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Understanding Solid: Reactivity Basics

atfzl profile image Atif Afzal Updated on ・3 min read

Solid is a Reactive library for creating user interfaces. Solid updates the DOM only where it is required, without using Virtual DOM. Solid is fast.

To understand Solid, first we have to understand its Reactive ideology.

Let’s take an example of a simple auto updating counter to show how the code looks like and explain how it works under the hood.

First a counter without a UI: Solid Counter - CodeSandbox

import { createState, createEffect } from 'solid-js';

const [state, setState] = createState({ count: 0 });

setInterval(() => {
  setState({ count: state.count + 1 });
}, 1000);

createEffect(() => {
  console.log(state.count);
});

This code looks too much similar to React hooks and it is actually inspired from React hooks. But there is a major difference, contrary to React, this code will not run again and again top to down like in a React component. Instead we have code blocks which are run whenever their dependencies are updated.

createEffect

Whenever the value of state.count is updated the code block passed to createEffect is called which in turn will call console.log every 1 second.

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1
2
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...

How does createEffect knows when to call this function whenever state.count changes ?

The answer lies in Javascript Proxy.

The state returned by createState is actually a proxy object, it has setter and getter traps for all properties on the original object.

Whenever a value is updated on this object, the setter is called. And whenever a value is accessed, the getter is called.

Let’s try to have a feel with some rough pseudocode:

let activeBlock;

// not real code, rough estimation
state.count = {
  _blocks: [],
  getter() {
    if (activeBlock) {
      this._blocks.push(activeBlock);
    }
    ...
  }
  setter() {
    if (this._blocks.length) {
      this._blocks.forEach(block => block());
    }
    ...
  }
}

function createEffect(f) {
  activeBlock = f;
  f();
  activeBlock = undefined;
}

...

createEffect(() => {
  console.log(state.count);
});

Let’s call the function passed to createEffect as f.

When we call createEffect, first we save f in activeBlock variable and then run f. Then whenever a getter is hit, we save activeBlock with the current property so that the dependent blocks can be run, when there is a hit to its setter.

In our counter example, f is the block with console.log(state.count) in it. For the first time when createEffect calls f, it saves f in activeBlock variable. Then it runs f.

Now when f runs, it encounters state.count and its getter is executed,. Then f is pushed to this._blocks.

If we also had some other block with state.count, its reference would also be pushed in the this._blocks array.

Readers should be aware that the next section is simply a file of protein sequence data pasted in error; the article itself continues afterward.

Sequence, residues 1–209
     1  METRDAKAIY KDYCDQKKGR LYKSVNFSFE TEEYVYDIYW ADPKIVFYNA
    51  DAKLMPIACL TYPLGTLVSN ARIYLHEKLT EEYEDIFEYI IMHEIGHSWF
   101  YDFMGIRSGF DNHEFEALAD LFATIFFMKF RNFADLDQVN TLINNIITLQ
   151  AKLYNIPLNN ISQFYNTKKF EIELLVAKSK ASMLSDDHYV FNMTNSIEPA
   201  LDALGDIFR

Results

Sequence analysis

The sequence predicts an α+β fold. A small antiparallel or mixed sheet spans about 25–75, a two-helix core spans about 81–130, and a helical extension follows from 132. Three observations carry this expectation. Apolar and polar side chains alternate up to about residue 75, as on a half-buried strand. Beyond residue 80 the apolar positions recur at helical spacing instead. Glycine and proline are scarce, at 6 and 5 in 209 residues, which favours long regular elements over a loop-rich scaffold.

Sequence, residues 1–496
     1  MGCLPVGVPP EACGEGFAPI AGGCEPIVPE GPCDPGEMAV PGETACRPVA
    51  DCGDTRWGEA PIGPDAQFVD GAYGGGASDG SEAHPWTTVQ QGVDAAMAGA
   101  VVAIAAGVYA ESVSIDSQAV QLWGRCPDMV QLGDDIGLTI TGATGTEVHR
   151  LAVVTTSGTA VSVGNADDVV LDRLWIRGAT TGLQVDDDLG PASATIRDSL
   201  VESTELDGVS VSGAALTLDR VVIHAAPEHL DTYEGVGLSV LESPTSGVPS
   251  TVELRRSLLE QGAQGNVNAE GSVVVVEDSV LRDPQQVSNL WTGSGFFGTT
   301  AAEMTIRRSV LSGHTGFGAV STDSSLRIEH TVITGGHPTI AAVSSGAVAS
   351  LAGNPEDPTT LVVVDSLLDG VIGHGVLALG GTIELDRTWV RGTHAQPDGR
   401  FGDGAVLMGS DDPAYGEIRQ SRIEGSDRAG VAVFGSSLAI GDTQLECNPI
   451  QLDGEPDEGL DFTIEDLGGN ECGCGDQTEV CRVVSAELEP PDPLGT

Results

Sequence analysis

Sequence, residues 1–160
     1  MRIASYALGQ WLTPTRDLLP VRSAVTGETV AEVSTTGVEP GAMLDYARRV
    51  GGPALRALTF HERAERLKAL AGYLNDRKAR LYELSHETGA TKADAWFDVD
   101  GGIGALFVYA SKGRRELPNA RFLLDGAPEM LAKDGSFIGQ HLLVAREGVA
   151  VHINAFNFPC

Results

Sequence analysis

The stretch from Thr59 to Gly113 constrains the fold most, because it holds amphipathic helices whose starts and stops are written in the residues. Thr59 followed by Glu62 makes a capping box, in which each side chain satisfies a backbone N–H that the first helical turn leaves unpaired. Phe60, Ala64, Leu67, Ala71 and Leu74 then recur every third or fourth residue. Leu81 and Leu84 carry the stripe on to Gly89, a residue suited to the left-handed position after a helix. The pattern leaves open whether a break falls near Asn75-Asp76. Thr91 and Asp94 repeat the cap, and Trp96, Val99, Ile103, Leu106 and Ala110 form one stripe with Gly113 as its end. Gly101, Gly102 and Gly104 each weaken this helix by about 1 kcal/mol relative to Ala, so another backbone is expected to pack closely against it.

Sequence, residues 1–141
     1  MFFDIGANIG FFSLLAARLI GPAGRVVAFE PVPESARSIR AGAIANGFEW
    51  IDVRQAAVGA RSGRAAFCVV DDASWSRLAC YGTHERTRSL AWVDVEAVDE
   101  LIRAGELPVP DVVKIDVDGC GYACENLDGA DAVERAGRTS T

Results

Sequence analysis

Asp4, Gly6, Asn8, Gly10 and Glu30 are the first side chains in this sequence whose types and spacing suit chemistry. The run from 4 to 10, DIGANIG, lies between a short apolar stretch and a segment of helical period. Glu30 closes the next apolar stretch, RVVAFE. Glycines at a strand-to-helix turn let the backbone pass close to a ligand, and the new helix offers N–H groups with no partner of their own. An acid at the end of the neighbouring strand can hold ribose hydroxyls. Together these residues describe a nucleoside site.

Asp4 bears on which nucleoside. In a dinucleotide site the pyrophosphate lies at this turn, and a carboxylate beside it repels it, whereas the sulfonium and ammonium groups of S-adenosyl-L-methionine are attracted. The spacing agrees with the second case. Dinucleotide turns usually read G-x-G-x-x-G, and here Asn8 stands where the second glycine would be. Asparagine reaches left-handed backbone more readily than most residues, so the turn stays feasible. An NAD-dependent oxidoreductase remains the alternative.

createEffect(() => {
  console.log('2 x Counter = ', state.count * 2);
});

If in the future state.count is updated, its setter will be triggered and it will execute all its saved blocks.

In this way we do not need to explicitly define what we have to track, and the blocks would be run whenever anything in the block changes.

setState instead of setter

Solid emphasises uni-directional data flow like React. So instead of directly updating the value of state, setState must be used to trigger the setter.

Reactive html element with solid

Now that we know the basics of createEffect and how its works, let's use createEffect to update an HTML element.

Counter with a UI element: Solid Counter - CodeSandbox

const [state, setState] = createState({ count: 0 });

setInterval(() => {
  setState({ count: state.count + 1 });
}, 1000);

const el = document.createElement('div');

document.body.appendChild(el);

createEffect(() => {
  el.innerText = state.count;
});

So we are using createEffect to update the DOM text.

Similarly we can update className, style and other attributes reactively:

className

createEffect(() => {
  el.className = state.count % 2 === 0 ? "even" : "odd";
});

style

we are using Object.assign because = does not work with style attribute.

createEffect(() => {
  Object.assign(
    el.style,
    { color: state.count % 2 === 0 ? "black" : "white" }
  );
});

data-*

createEffect(() => {
  el.setAttribute(
    "data-test", 
    state.count % 2 === 0 ? "even" : "odd"
  );
});

These were the basic reactive ideas needed to understand how solid works under the hood. Next post will cover jsx in solid.


This is the first blog post of series: Understanding Solid. Next post: Understanding Solid: JSX

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Discussion

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"this code will not run again and again top to down like in a React component“

This is a very important difference that could be very nice in practice. I'll have to try solid js